FUEL ECONOMY AND YOU
With gas prices soaring and hybrid vehicles capturing everyone’s attention, it’s time to take a look at the economics of fuel economy.
The following is a hypothetical scenario with which to illustrate how gas mileage affects what you pay at the pump. We’ll say the average driver puts 12,000 miles on a car annually, and that gasoline costs $5 a gallon at the pump. Obviously, miles driven and pump prices will vary, so you can plug in their own numbers for a more accurate analysis. We’ll start with a car that gets 15 MPG and end with one that gets 60MPG. Currently, these numbers reasonably reflect the low end and the high end of the fuel economy we expect to see on the cars we work on.
20 MPG = $3000
25 MPG = $2400
30 MPG = $2000
35 MPG = $1714
40 MPG = $1500
45 MPG = $1333
50 MPG = $1200
55 MPG = $1090
60 MPG = $1000
At the extremes, there is $3000 to be saved per year, or $250 per month. However, most people will not be switching from a 15MPH hog to 60MPH Gen1 Insight, so let’s look at a more realistic comparison. Let’s compare a Prius to a Corolla. The size, seating capacity, and driving experience are all very similar. The yearly savings if you choose the Prius will be $735, or $61 per month. This is not as exciting as saving an extra $3000 per year, but it’s better than a poke in the eye.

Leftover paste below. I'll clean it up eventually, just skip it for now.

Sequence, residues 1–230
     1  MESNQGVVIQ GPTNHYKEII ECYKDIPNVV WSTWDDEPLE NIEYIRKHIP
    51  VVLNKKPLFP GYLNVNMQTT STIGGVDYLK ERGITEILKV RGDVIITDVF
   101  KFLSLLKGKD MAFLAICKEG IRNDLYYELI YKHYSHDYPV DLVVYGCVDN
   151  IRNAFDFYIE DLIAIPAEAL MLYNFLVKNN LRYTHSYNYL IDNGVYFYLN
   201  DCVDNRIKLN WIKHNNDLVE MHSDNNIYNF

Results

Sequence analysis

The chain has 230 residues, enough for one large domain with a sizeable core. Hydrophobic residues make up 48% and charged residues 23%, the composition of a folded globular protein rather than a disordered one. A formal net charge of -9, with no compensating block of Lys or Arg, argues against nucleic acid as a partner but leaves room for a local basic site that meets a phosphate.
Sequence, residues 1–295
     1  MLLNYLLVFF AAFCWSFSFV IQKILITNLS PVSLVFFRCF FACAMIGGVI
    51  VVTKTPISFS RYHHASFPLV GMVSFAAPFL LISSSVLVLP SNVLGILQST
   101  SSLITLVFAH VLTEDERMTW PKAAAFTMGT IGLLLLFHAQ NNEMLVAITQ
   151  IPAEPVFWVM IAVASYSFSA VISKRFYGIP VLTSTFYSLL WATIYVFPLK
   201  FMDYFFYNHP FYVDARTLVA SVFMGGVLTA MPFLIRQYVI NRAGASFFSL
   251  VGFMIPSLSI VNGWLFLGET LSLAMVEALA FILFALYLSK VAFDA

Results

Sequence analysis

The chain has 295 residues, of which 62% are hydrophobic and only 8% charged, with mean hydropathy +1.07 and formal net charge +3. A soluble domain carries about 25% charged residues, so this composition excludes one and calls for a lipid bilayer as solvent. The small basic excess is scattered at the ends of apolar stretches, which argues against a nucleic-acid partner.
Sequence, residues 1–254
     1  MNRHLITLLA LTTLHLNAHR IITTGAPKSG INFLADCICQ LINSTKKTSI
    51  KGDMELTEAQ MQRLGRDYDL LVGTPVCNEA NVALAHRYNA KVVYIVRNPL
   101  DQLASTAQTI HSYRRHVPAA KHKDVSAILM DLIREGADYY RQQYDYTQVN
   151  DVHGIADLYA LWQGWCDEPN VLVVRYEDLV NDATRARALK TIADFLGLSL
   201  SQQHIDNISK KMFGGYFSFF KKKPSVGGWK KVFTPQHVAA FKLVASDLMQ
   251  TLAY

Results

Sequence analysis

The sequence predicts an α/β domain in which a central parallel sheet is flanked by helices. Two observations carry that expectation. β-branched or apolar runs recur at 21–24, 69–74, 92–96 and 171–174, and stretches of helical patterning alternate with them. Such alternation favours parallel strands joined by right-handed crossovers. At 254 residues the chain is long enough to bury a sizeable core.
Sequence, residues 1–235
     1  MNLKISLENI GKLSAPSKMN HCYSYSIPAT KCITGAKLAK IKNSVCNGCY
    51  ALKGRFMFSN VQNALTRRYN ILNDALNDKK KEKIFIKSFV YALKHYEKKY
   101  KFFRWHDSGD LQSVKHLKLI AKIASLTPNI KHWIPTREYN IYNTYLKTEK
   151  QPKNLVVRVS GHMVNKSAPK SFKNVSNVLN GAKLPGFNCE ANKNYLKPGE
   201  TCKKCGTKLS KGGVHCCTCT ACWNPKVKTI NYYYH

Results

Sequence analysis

However, saving money is not the only benefit of buying a more fuel efficient car! The yearly difference in CO2 emissions is substantial. If you choose the Prius you’ll emit 1.3 million grams less CO2. That’s a 38% reduction in CO2 emissions compared to the Corolla.
If you’d like to compare fuel economy and CO2 emission between the cars you are considering, check out this site. The link leads to fueleconomy.gov where you’ll be able to find reliable information to make an informed decision when choosing your next car. Your tax dollars at work!
The objective of this article is not to provide a definitive conclusion on the true value of a hybrid, so we will wrap it up by pointing out the other factors that should be considered:
The final point to make is that there is a basic assumption that the choice of a car purchase may have a significant impact on the environment. Yet, the inherent problem is that in our society we expect to have individual, personal transportation, and our infrastructure is laid out such that the average person is lucky to work NEXT to the city in which they live, let alone within 20 miles of it, not to mention all of the extra-curricular driving we do. So, at the root, hybrid cars are actually just a technological fix for a social problem. For the environment to survive, we need to think about working closer to home, controlling sprawl, and, simply put, making urban planning and infrastructure a priority for ourselves and our politicians.